Security guards to start today
Students can expect to see the first installments of unarmed security officers roaming around high-traffic areas on campus today.
Two security guards employed by AlliedBarton Security Services will coordinate with campus police to patrol residence halls and the health sciences area around the clock, beginning at 7 a.m.
USF officials said students can expect more security officers and increased patrols once the University works out the details of their agreement with AlliedBarton, a private security firm which provides unarmed security guards to 90 universities.
“What’s starting tomorrow is in no way how it’s going to be run,” University Police spokeswoman Meg Ross said.
The arrival of the security guards comes on the cusp of this weekend’s Homecoming festivities, where increased demands for security at events cut into the campus patrols of the UP officers.
Members of UP said 19 officers have been drafted to work 17- and 18-hour days for Homecoming.
University higher-ups likely thought it would be a good idea to have the officers here with Homecoming this weekend, Ross said.
“We’re most definitely stretched thin, but there’s good and bad points to them starting this weekend,” she said. “I hope they’ll be helpful, but they don’t know the campus, and they haven’t used the keys or the golf carts before. The time we have to spend giving them orientation may take away from other things.”
UP will supply the security guards with key cards to campus buildings, as well as any maps or documents they need, Ross said.
The guards will carry radios and work with University Police, but dispatchers for campus police – already overworked with their duties monitoring UP’s patrols – will not monitor the radios carried by the security officers.
If the guards need police assistance, they will contact the shift supervisor, Ross said, adding that UP dispatchers would have one of the radios used by security officers should they need to be contacted.
Hiring AlliedBarton to supply security guards was one of two new security initiatives trumpeted by University officials during a press conference one week ago.
“The security officers will handle routine security chores that have traditionally taken the police department’s focus off of the type of law enforcement duties that armed, sworn officers are needed to do,” USF spokesman Ken Gullette said. “At some point in the near future, we expect to have a fully staffed police force earning higher salaries, and also an effective system of security officers to help in residence halls (and) some campus events and to establish foot patrols on campus.”
Officials also announced that UP would be removed from the Student Affairs Department and rolled into a new Public Safety Division with parking enforcement and emergency management.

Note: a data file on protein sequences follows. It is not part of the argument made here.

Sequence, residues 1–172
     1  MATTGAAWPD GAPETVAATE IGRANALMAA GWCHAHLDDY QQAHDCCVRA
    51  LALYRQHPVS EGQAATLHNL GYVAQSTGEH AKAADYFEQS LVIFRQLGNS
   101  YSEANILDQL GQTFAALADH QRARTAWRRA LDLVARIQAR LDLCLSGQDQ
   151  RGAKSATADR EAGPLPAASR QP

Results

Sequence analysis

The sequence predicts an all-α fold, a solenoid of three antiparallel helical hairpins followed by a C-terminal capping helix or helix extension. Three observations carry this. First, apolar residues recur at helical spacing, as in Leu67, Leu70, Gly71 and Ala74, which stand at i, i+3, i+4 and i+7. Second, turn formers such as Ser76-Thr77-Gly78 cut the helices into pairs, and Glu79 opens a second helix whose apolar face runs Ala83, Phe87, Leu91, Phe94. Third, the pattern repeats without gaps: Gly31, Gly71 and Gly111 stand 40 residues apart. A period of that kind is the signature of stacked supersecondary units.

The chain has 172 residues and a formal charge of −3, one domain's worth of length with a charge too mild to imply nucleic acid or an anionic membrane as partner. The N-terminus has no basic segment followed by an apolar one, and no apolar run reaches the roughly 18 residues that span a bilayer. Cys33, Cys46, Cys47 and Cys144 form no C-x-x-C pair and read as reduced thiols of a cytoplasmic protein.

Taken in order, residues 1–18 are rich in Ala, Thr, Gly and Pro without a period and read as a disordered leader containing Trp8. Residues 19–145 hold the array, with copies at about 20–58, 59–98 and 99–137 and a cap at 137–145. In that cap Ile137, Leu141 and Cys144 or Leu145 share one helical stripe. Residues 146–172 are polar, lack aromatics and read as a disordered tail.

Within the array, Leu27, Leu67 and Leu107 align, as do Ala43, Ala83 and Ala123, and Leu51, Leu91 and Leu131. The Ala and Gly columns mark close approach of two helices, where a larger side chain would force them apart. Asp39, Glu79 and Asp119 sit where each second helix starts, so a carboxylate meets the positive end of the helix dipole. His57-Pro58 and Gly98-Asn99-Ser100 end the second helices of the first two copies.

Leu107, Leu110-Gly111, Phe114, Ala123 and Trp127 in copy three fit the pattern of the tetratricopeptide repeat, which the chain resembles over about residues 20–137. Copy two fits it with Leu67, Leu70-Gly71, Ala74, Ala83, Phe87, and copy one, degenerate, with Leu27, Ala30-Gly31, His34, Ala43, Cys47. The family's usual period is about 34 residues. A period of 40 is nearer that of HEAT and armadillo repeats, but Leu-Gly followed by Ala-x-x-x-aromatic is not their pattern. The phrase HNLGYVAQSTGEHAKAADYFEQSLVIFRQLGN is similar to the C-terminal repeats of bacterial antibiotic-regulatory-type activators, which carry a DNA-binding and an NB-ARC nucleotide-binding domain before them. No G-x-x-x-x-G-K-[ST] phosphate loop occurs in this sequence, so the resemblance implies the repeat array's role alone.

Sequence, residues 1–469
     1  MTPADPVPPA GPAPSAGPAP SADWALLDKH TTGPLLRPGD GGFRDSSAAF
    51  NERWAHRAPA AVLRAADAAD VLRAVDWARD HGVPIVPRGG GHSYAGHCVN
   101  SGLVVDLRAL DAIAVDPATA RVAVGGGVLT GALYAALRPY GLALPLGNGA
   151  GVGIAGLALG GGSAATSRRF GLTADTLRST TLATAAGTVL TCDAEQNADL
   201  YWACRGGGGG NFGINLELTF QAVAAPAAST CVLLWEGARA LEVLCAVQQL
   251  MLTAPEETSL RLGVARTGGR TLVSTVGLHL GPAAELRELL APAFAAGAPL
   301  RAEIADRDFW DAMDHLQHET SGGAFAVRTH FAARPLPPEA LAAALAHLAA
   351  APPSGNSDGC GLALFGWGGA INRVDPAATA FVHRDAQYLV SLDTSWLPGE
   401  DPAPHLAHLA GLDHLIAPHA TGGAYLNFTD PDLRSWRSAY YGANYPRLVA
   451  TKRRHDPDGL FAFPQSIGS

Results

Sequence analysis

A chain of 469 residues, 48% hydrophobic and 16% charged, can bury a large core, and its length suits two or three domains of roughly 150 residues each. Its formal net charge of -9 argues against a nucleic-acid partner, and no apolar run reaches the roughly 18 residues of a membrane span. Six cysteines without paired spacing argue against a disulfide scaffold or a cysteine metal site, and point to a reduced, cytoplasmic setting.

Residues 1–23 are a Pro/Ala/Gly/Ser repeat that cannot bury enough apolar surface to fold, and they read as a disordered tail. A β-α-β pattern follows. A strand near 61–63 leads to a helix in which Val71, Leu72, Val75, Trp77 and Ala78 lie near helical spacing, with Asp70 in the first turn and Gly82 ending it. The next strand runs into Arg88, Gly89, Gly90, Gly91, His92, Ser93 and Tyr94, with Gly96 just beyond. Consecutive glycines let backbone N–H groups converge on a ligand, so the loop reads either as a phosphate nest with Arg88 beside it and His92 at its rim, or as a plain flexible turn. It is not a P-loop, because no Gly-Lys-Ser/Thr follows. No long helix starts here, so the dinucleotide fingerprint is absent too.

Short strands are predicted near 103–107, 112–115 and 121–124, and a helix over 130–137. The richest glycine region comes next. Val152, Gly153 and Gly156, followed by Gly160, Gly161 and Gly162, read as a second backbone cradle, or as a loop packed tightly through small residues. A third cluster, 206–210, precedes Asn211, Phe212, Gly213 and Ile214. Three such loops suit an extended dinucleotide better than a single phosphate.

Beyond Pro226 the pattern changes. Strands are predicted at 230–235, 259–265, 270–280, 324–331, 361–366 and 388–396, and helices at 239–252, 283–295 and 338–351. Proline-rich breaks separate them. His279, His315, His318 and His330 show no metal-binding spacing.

Both announcements came on the heels of a sit-in led by student body President Garin Flowers and Vice President Faran Abbasi on Oct. 16, and amid increasing scrutiny from media reports critical of University leadership for their handling of safety concerns on campus.
USF has a lower officer-to-student ratio than any other major four-year school in the state – one officer for every 940 students.
By comparison, UCF has one officer for every 730 students.
The University’s announcements also came while UP officers are negotiating with administrators over their new salary contract. The salary talks have dragged on since February.
Longo has said the low pay of UP officers compared to competing law enforcement agencies makes retention and recruitment of officers difficult, leading to high turnover and a “revolving door” within University Police.
The starting annual pay for USF officers is now $35,041 – about $4,000 less than at other local agencies.
The University’s decision to hire the security guards for patrols has been met with both support and derision from University Police officers.
UP Chief Thomas Longo
publicly endorsed the hiring of the security officers, citing it as “extra sets of eyes and ears” and a way to shift some of the burden of answering routine calls to unlock doors or provide security escorts from UP officers.
But some officers balked that the University would invest money in security guards rather than boosting the pay of its own police officers.
“The funds that the University is putting into this security force should have been put into their police department,” said Stephanie Crookston, the lead negotiator for the Police Benevolent Association. “Now there will be security officers calling in calls for the four police officers on duty to respond to. I don’t understand why the University won’t put the funds into correcting the issues within their police department.”
Executive Vice President and Chief Financial Carl Carlucci said the contract with AlliedBarton would be good for one year and cost somewhere around $200,000.
He and President Judy Genshaft stressed that the funds used to pay the security officers were pooled from leftover money in University departments at the end of the fiscal year and could not be used for the salaries of UP officers, who are paid with recurring funds.